I promised to say a little about The Past and the implications for justice. Policing The Past is a present day issue, consuming significant operational resource. Victims of The Troubles continue to suffer. Our courts and inquest systems continue to adjudicate on cases stretching over four decades. For many of our citizens – and indeed some of our politicians – The Past is the context for today's civic engagement. And we continue to live under the threat of atrocities. In the year before the Department of Justice was established, we saw the brutal murders of two soldiers and a police officer; since then, another Police Service of Northern Ireland (PSNI) officer and a prison officer. This is beyond shameful and all the political parties in Northern Ireland are united in condemning the mindless activities of the dissidents.

There has also been ongoing street disorder, largely by Unionists, much of it directed against my Party, especially towards Naomi Long MP who defeated the DUP (Democratic Unionist Party) leader in East Belfast five years ago.

Two recent attempts at a political solution have reached the point where further progress is possible in Northern Ireland. We needed a political consensus for addressing the legacy of The Past so that our justice institutions could deal with today's justice issues. We needed a solution which was respectful and mindful of the needs of victims. We needed an investigative solution which ran with the grain of justice norms and values. And we needed an effective method for information to be given to victims, survivors and the bereaved. The Stormont House Agreement in December 2014 has provided a political framework for The Past, and we are hopeful that the new arrangements will make a significant difference to how The Past impacts on our justice system and our citizens. But as I said on 23 December, what was agreed was a ‘deal to make a deal’, and much work remains to be done to agree and implement the necessary detail.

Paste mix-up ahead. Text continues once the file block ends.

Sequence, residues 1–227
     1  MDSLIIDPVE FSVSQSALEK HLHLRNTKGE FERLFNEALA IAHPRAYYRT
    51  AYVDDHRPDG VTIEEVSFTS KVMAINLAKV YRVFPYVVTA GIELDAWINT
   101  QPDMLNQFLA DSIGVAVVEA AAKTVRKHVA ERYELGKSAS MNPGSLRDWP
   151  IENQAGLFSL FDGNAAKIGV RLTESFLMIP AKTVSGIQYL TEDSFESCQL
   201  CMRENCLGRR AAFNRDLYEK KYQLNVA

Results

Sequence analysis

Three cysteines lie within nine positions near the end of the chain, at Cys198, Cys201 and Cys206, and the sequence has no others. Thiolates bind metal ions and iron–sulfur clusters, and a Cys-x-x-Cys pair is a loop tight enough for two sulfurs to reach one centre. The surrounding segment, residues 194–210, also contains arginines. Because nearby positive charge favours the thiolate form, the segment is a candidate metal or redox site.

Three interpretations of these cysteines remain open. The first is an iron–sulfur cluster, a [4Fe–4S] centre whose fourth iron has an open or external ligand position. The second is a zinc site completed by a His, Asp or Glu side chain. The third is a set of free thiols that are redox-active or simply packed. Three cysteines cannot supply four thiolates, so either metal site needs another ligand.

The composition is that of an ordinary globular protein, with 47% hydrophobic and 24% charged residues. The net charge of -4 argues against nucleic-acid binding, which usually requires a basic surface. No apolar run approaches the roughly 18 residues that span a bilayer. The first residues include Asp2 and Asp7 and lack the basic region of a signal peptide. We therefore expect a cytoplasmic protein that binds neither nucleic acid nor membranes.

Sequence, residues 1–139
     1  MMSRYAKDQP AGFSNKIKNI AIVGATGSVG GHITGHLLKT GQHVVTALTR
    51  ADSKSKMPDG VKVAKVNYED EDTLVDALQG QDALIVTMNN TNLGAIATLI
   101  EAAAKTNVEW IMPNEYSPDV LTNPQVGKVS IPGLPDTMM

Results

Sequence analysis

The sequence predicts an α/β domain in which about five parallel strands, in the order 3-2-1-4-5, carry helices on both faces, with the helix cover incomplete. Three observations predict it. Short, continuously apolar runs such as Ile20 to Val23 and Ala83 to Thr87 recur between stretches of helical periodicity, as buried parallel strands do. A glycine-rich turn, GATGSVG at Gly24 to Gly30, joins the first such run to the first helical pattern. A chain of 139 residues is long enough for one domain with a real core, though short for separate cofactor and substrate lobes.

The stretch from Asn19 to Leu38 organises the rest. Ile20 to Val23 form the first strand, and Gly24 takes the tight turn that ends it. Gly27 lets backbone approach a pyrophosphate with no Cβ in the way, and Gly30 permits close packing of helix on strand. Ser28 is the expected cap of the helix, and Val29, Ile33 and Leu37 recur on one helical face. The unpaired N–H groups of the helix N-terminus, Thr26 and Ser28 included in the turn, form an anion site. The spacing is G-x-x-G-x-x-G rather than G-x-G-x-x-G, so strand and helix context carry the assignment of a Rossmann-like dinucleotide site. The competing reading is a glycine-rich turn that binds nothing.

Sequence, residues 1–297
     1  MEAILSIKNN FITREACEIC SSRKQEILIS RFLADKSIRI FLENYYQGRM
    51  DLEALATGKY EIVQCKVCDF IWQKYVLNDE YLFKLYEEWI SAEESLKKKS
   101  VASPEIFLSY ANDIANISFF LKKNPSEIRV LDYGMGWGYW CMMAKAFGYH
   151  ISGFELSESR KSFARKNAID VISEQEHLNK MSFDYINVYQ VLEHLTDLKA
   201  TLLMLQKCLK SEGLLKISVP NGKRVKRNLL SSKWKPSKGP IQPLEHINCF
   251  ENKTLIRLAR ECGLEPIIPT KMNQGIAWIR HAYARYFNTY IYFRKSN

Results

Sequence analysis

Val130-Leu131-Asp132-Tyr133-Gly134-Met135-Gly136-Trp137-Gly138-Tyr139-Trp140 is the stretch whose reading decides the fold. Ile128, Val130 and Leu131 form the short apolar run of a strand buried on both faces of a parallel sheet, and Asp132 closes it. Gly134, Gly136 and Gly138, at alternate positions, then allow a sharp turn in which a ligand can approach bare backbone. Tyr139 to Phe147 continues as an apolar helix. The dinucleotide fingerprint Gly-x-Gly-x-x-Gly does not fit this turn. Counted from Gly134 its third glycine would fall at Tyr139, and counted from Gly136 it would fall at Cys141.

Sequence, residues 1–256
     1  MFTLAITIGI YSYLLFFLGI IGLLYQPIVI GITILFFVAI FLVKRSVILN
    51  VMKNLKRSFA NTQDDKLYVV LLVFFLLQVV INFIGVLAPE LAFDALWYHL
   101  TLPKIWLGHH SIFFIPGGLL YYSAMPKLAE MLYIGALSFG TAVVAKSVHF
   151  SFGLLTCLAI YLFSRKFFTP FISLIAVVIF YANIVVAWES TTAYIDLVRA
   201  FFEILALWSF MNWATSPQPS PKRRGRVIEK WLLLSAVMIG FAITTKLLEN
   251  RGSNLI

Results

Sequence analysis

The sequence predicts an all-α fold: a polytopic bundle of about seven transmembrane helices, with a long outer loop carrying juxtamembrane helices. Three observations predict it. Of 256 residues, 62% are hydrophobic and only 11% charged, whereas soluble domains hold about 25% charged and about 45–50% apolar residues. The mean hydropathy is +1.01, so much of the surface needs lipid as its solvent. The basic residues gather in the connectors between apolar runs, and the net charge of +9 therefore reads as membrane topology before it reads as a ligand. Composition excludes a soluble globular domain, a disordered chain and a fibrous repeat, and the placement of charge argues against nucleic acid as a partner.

Current  politics

Of course, in the last two weeks [Editor: i.e. in March 2015] the Stormont House Agreement had a question mark put over it by Sinn Féin withdrawing its support for Welfare Reform. At a political level, the challenge is to get back on course as quickly as we can. For the justice agenda, and indeed our citizens, continued progress on The Past is vital. For our part, the Department of Justice is working hard to deliver on the aspects that fall to us, particularly in relation to legacy inquests and investigations into The Past. The financial situation, with reducing resources for justice, is a challenge too and this has and will impact on our ability to drive change at quite the pace I would wish. It will mean tough choices, and creativity, in order to protect the front line but the reality is that no part of the justice system is immune from the financial realities.